Rush Limbaugh claimed that the government only arrested suspect Paul Kevin Curtis for allegedly sending ricin-tainted letters to government officials because he was a white southerner. But the letters were signed with Curtis' initials and catch phrase.
Curtis, who is from Mississippi, was arrested last week for allegedly mailing letters containing the poison ricin to President Obama, Sen. Roger Wicker (R-MS), and Lee County, Mississippi Justice Court judge Sadie Holland. Though his case is still pending, Curtis was released from federal custody on bond after investigators failed to find evidence of ricin in Curtis' possession.
Limbaugh interpreted his release as evidence that authorities merely arrested Curtis because they wanted the ricin suspect to be a white southerner. He told listeners, "You know the ricin letters that were sent? The drive-bys so desperately wanted the culprit to be a hayseed, hick southerner, so they went out and found this poor guy from Mississippi and they accused him of it," and concluded, "They really wanted the ricin guy to be a white southern guy and not a dark-skinned something-or-other."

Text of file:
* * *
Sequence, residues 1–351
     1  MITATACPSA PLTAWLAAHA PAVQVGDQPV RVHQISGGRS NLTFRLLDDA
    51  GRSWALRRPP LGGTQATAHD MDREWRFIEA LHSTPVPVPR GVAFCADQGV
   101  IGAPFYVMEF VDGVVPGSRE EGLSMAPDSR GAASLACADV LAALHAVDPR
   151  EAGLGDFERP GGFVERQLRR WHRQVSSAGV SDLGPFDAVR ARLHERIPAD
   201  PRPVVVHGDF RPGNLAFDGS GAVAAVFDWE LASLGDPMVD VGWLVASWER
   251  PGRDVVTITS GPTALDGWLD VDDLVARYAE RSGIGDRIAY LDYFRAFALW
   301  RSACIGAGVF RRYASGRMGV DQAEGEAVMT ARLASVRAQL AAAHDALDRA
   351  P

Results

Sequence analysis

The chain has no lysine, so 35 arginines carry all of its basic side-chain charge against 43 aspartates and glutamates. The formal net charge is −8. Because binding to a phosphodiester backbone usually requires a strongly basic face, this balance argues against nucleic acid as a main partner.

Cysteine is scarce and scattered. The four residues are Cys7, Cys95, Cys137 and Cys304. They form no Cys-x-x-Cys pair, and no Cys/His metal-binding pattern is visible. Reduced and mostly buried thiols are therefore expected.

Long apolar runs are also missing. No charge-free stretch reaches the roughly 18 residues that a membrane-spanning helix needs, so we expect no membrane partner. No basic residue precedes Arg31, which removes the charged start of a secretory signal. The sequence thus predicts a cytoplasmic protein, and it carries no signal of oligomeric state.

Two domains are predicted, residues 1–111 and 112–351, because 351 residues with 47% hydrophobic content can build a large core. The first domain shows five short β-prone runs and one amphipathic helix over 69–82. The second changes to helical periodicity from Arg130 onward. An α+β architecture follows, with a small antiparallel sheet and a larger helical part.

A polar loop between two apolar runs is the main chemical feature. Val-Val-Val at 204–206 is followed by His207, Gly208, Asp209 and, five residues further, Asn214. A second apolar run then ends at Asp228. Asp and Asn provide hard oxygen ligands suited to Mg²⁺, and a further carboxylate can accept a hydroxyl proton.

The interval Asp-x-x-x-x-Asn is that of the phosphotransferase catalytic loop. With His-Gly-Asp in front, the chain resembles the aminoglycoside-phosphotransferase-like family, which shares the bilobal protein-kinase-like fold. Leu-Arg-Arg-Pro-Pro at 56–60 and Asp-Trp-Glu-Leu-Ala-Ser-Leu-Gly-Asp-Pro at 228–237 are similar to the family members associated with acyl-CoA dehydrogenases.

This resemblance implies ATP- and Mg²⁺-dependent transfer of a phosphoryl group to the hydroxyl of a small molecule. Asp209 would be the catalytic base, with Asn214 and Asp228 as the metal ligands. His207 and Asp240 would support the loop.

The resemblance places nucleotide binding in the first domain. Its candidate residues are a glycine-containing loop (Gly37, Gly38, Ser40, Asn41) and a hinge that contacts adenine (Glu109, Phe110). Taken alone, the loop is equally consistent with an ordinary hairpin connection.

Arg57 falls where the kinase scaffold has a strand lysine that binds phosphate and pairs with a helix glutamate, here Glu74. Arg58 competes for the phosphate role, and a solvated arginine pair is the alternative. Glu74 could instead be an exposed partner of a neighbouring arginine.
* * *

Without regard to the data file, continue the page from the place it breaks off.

Details of Curtis' release are still unclear, but court documents reveal the FBI followed credible evidence -- not based on his skin color -- to connect Curtis with the tainted letters.
As the AP reported, FBI agent Brandon Grant explained at Curtis' hearing:
Grant testified Friday that authorities tried to track down the sender of the letters by using a list of Wicker's constituents with the initials KC, the same initials in the letters. Grant said the list was whittled from thousands to about 100 when investigators isolated the ones who lived in an area that would have a Memphis, Tenn., postmark, which includes many places in north Mississippi. He said Wicker's staff recognized Curtis as someone who had written the senator before.
According to the criminal complaint against Curtis, as ABC News reported, each ricin letter was signed "This is KC and I approve this message," a phrase Curtis frequently used in internet postings and other letters.